I am not one to engage in heated discussions especially topics thrown out in order to spark a "lively debate" on the internet. In fact my general rule is that if something strikes a cord with me I will sit on it a few days and will usually completely forget it ever was said but at times fins myself am still thinking on it. In which case I will then respond later when the initial reaction has wavered a bit.
Today I was hit by a posting that happened to spark a blogpost of my own after laying dormant for so many months. But why? Could it be that I am calmly in Florida for the Search Insider Summit wrapping up Winshuttle's Community Site (launching next Tuesday) and helping to put the final touches on Media Post's Search Insider Summit agenda, and speakers that I now have time to post? Possibly - since I still stick by my theory that people that have time to rant are people that don't have enough work to do. This evening I seem to fall into that category.
So my rant for the evening is in response to a good friend of mine Rand Fishkin. I am going to start off by stating that while I have known Rand for a short period of time he has been a great supporter and I still hold him in high regards. Unfortunately Rand Fishkin's post to his blog at 1:49 am Monday May 4th in which he states,
"The majority of marketers who engage in social media do so NOT because it produces greater ROI (professionally), but because the metrics are more immediately tangible and emotionally rewarding."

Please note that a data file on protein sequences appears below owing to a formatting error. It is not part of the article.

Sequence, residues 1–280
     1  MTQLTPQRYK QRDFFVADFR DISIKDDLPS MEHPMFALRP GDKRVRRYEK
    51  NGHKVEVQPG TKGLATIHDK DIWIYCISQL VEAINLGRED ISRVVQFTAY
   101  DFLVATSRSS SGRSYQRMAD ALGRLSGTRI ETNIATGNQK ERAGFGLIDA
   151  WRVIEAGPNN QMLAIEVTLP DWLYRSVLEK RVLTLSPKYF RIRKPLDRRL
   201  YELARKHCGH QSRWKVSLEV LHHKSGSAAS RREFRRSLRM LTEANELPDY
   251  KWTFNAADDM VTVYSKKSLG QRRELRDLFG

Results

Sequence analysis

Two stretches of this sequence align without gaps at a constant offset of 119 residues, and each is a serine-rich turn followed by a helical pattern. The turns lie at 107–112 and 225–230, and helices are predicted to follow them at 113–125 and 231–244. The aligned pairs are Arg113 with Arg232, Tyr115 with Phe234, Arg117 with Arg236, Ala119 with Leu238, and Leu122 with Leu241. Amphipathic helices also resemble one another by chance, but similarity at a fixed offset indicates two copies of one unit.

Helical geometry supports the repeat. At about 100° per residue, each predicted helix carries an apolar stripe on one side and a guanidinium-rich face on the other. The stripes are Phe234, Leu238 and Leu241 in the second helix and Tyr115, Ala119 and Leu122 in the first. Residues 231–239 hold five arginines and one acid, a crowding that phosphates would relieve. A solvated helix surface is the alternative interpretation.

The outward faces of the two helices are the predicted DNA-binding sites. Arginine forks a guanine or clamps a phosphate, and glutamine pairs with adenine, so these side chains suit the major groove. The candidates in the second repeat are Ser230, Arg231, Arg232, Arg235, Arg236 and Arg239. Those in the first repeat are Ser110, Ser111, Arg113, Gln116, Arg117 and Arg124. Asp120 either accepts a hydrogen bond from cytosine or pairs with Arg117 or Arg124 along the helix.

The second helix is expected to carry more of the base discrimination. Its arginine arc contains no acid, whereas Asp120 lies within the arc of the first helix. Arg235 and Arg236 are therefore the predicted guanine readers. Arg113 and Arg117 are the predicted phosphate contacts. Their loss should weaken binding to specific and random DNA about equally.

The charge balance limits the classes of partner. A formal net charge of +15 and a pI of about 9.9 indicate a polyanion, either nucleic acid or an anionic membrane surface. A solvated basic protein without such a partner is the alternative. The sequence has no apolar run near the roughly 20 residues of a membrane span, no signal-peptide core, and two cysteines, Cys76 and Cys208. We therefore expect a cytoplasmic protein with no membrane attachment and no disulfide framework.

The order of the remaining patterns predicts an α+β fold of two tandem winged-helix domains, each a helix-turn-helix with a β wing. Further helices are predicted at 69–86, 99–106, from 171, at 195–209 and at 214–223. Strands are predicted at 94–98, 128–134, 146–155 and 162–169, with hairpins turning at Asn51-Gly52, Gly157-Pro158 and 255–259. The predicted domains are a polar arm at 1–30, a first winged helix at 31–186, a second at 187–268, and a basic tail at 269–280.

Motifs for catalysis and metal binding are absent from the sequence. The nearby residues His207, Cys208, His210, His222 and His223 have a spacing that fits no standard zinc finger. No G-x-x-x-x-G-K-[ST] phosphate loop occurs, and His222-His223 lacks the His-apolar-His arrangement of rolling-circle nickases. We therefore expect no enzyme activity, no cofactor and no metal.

A very a bold statement in which Rand Fishkin continues to state his case by simplifying the act of what it takes to optimize a website,
"Let's say I put in some effort attracting more relevant visitors to my site. I see that a certain phrase is sending good quality traffic via my analytics and decide to pursue a higher ranking for that keyword. I do a bit of external link research, find some good places for a listing, maybe acquire a small handful of external links. I tweak the title tag, the H1 and a bit of the page content and make the call to action more prominent and compelling. I find a few important pages on my site (the top pages tool is badass for this) and place some good internal links. My rankings rise a few positions and I see more traffic the next week.
My conversions go up, and my company makes a few hundred more dollars in signups every week thereafter."